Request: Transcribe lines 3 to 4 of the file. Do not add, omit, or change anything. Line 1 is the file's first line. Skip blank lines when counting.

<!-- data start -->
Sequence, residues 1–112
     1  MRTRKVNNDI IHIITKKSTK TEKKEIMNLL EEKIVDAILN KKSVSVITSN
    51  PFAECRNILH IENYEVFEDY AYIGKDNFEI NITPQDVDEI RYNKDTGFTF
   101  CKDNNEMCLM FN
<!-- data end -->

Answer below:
    51  PFAECRNILH IENYEVFEDY AYIGKDNFEI NITPQDVDEI RYNKDTGFTF
   101  CKDNNEMCLM FN